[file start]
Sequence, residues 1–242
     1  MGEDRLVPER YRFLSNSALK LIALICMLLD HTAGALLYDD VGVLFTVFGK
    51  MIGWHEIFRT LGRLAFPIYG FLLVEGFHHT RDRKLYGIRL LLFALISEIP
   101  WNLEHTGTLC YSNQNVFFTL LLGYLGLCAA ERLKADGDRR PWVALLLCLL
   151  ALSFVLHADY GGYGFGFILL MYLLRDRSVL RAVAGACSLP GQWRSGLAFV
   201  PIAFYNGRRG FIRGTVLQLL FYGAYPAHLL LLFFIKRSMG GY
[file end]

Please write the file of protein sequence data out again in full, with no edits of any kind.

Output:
Sequence, residues 1–242
     1  MGEDRLVPER YRFLSNSALK LIALICMLLD HTAGALLYDD VGVLFTVFGK
    51  MIGWHEIFRT LGRLAFPIYG FLLVEGFHHT RDRKLYGIRL LLFALISEIP
   101  WNLEHTGTLC YSNQNVFFTL LLGYLGLCAA ERLKADGDRR PWVALLLCLL
   151  ALSFVLHADY GGYGFGFILL MYLLRDRSVL RAVAGACSLP GQWRSGLAFV
   201  PIAFYNGRRG FIRGTVLQLL FYGAYPAHLL LLFFIKRSMG GY